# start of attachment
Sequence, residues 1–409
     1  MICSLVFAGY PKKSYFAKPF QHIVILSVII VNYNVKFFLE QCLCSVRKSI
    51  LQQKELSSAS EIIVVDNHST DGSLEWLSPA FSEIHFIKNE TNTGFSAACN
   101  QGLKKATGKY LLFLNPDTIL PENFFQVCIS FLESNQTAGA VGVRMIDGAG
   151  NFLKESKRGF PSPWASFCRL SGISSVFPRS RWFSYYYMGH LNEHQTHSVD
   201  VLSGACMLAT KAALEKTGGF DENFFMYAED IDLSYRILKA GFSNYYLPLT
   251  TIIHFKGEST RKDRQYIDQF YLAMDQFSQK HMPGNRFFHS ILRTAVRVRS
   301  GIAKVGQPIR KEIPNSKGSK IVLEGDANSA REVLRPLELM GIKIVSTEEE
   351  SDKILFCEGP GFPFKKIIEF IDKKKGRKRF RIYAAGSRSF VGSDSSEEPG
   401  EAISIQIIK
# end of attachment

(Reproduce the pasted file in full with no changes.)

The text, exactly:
Sequence, residues 1–409
     1  MICSLVFAGY PKKSYFAKPF QHIVILSVII VNYNVKFFLE QCLCSVRKSI
    51  LQQKELSSAS EIIVVDNHST DGSLEWLSPA FSEIHFIKNE TNTGFSAACN
   101  QGLKKATGKY LLFLNPDTIL PENFFQVCIS FLESNQTAGA VGVRMIDGAG
   151  NFLKESKRGF PSPWASFCRL SGISSVFPRS RWFSYYYMGH LNEHQTHSVD
   201  VLSGACMLAT KAALEKTGGF DENFFMYAED IDLSYRILKA GFSNYYLPLT
   251  TIIHFKGEST RKDRQYIDQF YLAMDQFSQK HMPGNRFFHS ILRTAVRVRS
   301  GIAKVGQPIR KEIPNSKGSK IVLEGDANSA REVLRPLELM GIKIVSTEEE
   351  SDKILFCEGP GFPFKKIIEF IDKKKGRKRF RIYAAGSRSF VGSDSSEEPG
   401  EAISIQIIK